Convergence in feeling, divergence in physiology: How culture influences the consequences of disgust suppression and amplification among European Americans and Asian Americans

Psychophysiology. 2016 Jan;53(1):41-51. doi: 10.1111/psyp.12579.

Abstract

Much empirical work documents the downsides of suppressing emotions. Emerging research points to the need for a more sophisticated and culturally informed approach to understanding the consequences of emotion regulation. To that end, we employed behavioral, self-report, and psychophysiological measures to examine the consequences of two types of emotion regulation (suppression and amplification) in a sample of 28 Asian Americans and 31 European Americans. Participants were shown a neutral film and then a series of disgust-eliciting films during which they were asked to regulate their response by suppressing or amplifying their emotional behavior (counterbalanced). Despite self-reporting equal levels of disgust, European Americans showed greater skin conductance reactivity than Asian Americans in both regulation conditions, but not in response to a neutral film. These findings extend work on divergence in the consequences of emotion regulation across different cultural groups, which could help identify optimal emotion regulation strategies for health and well-being.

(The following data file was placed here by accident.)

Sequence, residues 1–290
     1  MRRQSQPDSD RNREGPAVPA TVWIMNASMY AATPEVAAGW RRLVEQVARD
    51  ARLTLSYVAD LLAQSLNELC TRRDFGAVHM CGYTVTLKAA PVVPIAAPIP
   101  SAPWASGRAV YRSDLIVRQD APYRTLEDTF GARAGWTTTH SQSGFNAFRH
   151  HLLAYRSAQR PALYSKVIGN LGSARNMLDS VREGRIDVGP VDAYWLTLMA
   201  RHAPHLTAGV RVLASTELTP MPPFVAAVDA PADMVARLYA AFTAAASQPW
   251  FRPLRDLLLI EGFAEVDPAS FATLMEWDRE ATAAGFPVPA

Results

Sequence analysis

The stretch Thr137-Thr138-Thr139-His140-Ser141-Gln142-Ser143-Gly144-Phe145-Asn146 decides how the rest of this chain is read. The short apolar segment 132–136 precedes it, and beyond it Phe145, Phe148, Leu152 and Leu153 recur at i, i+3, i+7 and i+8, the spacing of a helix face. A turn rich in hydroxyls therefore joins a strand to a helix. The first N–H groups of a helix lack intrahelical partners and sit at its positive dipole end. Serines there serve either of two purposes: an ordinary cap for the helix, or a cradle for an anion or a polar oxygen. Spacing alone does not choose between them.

Keywords: Amplification; Asian Americans; Cultural differences; Emotion regulation; Psychophysiology; Suppression.

MeSH terms

  • Adolescent
  • Adult
  • Asian Americans
  • Asian Continental Ancestry Group / ethnology*
  • Emotions / physiology*
  • European Continental Ancestry Group / ethnology*
  • Female
  • Galvanic Skin Response / physiology*
  • Humans
  • Male
  • Self-Control / psychology*
  • United States / ethnology
  • Young Adult